Okay, fine, I’ll write about this:

A Virginia Circuit Court judge ruled Tuesday that police officers cannot force criminal suspects to divulge cellphone passwords, but they can force them to unlock the phone with a fingerprint scanner.

There is a strong argument to be made that fingerprints are usernames, not passwords. And some lawyers warned that this would happen back when Apple first launched Touch ID.

But let’s stop and be real for a minute: one circuit-court judge’s ruling in Virginia does not mean much unless you have a case before that particular judge. The most we can say is that this ruling places the security of fingerprints in doubt where the police are concerned.

What is more important is that the security of fingerprint unlocking was already in doubt. Your fingerprint is way easier for someone to get ahold of than the contents of your brain. And pretty much anyone can use stuff from an office supply store to unlock your phone. Even the police, assuming they don’t just decide to hold your finger up to your phone and worry about the constitutionality later.

So if you really want to secure your phone, don’t use your fingerprint to unlock it, and turn on the option to erase the data on your phone after 10 failed unlock attempts.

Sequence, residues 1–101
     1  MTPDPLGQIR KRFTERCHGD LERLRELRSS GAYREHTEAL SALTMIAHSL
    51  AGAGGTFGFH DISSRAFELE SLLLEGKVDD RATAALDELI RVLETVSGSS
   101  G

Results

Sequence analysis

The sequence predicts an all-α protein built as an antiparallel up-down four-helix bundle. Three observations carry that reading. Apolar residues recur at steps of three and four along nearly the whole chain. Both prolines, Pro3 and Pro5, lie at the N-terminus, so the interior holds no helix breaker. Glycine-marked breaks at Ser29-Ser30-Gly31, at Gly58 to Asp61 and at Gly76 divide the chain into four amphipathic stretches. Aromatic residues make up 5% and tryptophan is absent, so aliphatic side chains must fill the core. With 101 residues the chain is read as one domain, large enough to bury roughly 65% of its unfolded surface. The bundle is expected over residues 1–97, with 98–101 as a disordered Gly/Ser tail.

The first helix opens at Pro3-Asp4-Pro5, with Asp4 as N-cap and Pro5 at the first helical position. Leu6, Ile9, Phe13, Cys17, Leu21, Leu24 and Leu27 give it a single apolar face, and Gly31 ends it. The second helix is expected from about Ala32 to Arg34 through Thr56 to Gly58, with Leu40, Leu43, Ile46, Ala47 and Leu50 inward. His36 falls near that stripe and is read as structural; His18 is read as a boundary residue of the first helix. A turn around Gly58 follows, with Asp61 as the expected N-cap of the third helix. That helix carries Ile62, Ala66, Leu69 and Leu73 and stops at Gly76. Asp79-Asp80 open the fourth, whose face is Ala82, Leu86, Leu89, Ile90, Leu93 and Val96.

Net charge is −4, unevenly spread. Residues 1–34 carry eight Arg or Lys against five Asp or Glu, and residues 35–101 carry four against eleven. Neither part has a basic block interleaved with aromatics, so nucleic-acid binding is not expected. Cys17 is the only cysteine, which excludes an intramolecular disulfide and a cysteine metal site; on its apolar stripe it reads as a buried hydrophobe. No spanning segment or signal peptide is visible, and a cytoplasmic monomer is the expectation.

Update: This may all be moot. Given how long the phone has been sitting, it has undoubtedly shut down on its own if police did not do it themselves. “[The defendant’s lawyer] believes police still may be unable to unlock the phone because it should require a password, in addition to a fingerprint, once it has been shut off.”

Featured image: “Fingerprint” from Shutterstock.

1 Comment

  1. James Greenwood says:

    The problem with this is that the I-Phone doesn’t actually scan the finger print in the way that a police officer might take a fingerprint. The scan actually looks at the sub-epidermal layers. http://support.apple.com/en-us/HT5949 This renders the scan more like using an infrared camera to peer into a house than a telescope to look at the front porch.

    This technical detail makes the decision slightly more troubling than it first appears.

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